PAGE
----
'Some animals are more equal than others'
Legal rights for critters waddle, slither, and swing into the courtroom
ASHLAND, ORE. — Back in 1641, Massachusetts Bay colonists included in their legal code an order that "no man shall exercise any Tirrany or Crueltie towards any bruite Creature which are usuallie kept for man's use."
Here, in a nutshell, was the guiding principle for humankind's treatment of animals: Be kind, but don't forget that "bruite Creatures" are mainly here to serve us - as food, clothing, entertainment, or involuntary labor. Or as the dictator pig Napoleon was to put it in George Orwell's "Animal Farm" 300 years later, "All animals are equal, but some animals are more equal than others."
That's pretty much the way things remain today. Many more laws have been passed to protect animals from tyranny and cruelty, but in their direct and formal relations with humans they are seen principally as property.
That is changing, however, in ways that are disrupting - and could be profound. Courses on animal law are being taught at Harvard Law School, Georgetown University Law Center, Rutgers University, and other schools around the US. How animals are treated has become an important issue in international relations, as witnessed by protests at this week's World Trade Organization meeting in Seattle. And activists are pushing for what would amount to a radically different status for animals - more nearly like humans in terms of civil rights as defined by politics and the law.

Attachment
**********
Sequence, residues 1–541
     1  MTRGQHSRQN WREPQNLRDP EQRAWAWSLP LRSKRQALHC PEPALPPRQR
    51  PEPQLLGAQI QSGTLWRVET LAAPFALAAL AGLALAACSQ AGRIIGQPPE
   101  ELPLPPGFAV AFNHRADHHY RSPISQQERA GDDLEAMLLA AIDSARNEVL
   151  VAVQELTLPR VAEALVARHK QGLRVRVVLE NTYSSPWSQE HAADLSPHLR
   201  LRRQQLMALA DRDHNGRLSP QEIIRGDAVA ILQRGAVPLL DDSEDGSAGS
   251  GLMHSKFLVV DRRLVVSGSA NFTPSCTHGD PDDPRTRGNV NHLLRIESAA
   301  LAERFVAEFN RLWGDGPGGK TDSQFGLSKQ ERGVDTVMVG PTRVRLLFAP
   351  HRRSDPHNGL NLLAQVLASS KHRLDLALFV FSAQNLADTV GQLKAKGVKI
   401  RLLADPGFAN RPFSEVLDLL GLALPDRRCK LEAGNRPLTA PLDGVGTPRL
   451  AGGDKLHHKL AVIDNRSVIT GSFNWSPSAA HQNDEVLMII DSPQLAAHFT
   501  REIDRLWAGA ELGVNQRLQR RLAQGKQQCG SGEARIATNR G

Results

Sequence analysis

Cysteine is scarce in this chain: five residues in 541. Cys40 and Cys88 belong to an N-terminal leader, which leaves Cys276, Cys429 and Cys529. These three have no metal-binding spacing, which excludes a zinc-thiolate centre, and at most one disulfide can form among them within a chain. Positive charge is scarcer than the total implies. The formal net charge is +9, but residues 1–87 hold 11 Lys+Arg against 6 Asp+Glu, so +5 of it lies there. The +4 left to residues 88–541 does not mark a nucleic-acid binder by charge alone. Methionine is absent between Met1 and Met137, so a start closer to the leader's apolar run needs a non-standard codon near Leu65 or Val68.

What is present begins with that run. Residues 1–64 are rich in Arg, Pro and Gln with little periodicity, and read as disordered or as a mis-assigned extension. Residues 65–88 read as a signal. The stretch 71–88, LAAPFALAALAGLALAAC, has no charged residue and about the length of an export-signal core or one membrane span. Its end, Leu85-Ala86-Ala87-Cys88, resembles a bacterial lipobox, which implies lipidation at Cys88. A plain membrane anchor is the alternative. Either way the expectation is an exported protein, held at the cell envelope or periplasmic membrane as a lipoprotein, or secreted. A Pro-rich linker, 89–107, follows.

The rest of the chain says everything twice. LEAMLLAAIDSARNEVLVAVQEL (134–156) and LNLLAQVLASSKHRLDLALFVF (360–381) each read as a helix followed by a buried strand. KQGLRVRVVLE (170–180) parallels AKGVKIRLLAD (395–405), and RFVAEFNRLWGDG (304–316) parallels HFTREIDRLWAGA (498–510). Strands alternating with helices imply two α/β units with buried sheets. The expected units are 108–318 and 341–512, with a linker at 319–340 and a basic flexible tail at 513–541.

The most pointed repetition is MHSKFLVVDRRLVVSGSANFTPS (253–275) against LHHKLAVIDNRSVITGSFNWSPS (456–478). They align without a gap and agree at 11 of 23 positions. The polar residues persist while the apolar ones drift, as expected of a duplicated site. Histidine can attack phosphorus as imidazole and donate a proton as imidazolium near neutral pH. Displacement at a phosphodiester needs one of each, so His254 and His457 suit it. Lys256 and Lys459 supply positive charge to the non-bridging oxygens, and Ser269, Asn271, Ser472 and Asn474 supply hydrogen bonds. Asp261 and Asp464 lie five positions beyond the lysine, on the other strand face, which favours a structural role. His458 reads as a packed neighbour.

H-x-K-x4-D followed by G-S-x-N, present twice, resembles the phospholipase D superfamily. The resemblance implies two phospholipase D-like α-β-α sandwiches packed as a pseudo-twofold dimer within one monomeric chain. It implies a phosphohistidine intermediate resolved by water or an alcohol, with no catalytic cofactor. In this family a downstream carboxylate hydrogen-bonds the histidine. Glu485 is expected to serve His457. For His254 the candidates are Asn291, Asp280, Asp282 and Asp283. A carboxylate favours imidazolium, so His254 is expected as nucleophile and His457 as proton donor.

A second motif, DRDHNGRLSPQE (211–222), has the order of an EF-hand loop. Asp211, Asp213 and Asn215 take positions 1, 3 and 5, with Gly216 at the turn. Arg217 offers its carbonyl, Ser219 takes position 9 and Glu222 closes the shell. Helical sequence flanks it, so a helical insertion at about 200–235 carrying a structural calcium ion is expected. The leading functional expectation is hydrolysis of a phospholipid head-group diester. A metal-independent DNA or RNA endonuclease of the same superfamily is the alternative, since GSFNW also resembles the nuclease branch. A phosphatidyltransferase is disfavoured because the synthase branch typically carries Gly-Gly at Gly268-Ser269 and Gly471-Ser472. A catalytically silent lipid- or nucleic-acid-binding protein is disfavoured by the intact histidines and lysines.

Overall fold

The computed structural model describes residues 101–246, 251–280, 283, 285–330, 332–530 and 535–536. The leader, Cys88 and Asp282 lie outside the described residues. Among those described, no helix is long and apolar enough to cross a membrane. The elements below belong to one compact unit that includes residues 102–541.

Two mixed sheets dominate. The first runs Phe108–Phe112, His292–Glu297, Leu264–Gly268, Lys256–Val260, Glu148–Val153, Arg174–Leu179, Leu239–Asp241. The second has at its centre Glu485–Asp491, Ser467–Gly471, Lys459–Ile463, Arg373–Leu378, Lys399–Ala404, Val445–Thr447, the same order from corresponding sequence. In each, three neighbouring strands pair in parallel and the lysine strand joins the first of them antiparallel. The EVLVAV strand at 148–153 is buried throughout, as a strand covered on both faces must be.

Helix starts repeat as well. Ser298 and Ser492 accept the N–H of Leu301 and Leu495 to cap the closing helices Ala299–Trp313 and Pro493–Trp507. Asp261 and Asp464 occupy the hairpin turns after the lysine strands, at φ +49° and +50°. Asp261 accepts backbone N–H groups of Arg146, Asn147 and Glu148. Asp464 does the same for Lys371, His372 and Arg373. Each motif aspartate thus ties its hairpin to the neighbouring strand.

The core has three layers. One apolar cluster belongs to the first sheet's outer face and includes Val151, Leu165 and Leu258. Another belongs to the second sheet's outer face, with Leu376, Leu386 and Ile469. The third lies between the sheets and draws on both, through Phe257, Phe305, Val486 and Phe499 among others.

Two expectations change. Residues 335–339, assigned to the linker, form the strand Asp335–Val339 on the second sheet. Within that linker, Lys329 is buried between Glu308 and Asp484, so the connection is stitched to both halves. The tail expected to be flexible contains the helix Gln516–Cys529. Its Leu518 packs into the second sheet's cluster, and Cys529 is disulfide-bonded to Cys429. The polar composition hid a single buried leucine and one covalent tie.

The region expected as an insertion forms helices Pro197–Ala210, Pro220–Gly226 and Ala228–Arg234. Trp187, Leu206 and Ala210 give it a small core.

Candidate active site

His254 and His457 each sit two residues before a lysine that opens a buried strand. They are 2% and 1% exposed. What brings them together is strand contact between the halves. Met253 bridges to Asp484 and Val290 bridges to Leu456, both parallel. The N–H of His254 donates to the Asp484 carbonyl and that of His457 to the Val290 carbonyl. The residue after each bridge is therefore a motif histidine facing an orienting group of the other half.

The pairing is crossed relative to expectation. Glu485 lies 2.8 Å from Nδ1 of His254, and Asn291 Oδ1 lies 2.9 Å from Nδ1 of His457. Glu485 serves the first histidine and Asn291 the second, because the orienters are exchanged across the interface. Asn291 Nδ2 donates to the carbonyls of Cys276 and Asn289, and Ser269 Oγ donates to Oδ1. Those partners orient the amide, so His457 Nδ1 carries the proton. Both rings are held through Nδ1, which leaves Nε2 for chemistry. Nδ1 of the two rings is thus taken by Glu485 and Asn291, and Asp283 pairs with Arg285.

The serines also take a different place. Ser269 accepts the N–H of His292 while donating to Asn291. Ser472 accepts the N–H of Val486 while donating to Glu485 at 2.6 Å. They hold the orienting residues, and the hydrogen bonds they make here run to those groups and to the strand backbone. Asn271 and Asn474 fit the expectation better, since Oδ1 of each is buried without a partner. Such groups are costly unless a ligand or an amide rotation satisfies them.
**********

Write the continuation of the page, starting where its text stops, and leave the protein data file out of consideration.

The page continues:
Overlapping such legal activities has been the escalation of a kind of guerrilla war that has included fire-bombings of research facilities and meat-processing plants, the "liberation" of animals raised for their fur or flesh, and personal threats against scientists who are said to abuse animals in their studies. It has gotten to the point, FBI Director Louis Freeh told Congress earlier this year, that such activists are counted among "the most recognizable single-issue terrorists" in the United States today.
Whether there's more such activity, or simply more reporting of it, such acts are worrisome to those who work with animals.
"We are concerned that this brand of animal protectionism - or whatever it is - will ultimately lead to serious injury or death," says Patti Strand, national director of the National Animal Interest Alliance. Based in Portland, Ore., NAIA represents pet breeders, medical researchers, rodeo organizers, ranchers, furriers, and others engaged in businesses involving animals.
The most well-known example of what some are calling "ecoterrorism" occurred a year ago when a $12 million arson fire hit a new ski resort in Vail, Colo. The "Earth Liberation Front" claimed responsibility on behalf of the lynx, an endangered species whose habitat was being impacted by the resort.
"It's hard to tell whether there's an actual upswing or not," says a security expert who works for federal government agencies. "But it seems to be the new radical issue du jour on some campuses."
While most animal advocates say they oppose such violence, they also argue that many animals suffer badly at the hands of researchers and commercial interests. Investigative work by journalists as well as activists has produced considerable evidence of mistreatment, some of it gruesome and on film. In any case, says Steve Ann Chambers, president of the Animal Legal Defense Fund, "The time has come to challenge the notion that animals are things." ALDF is a 20-year old advocacy organization based in Petaluma, Calif.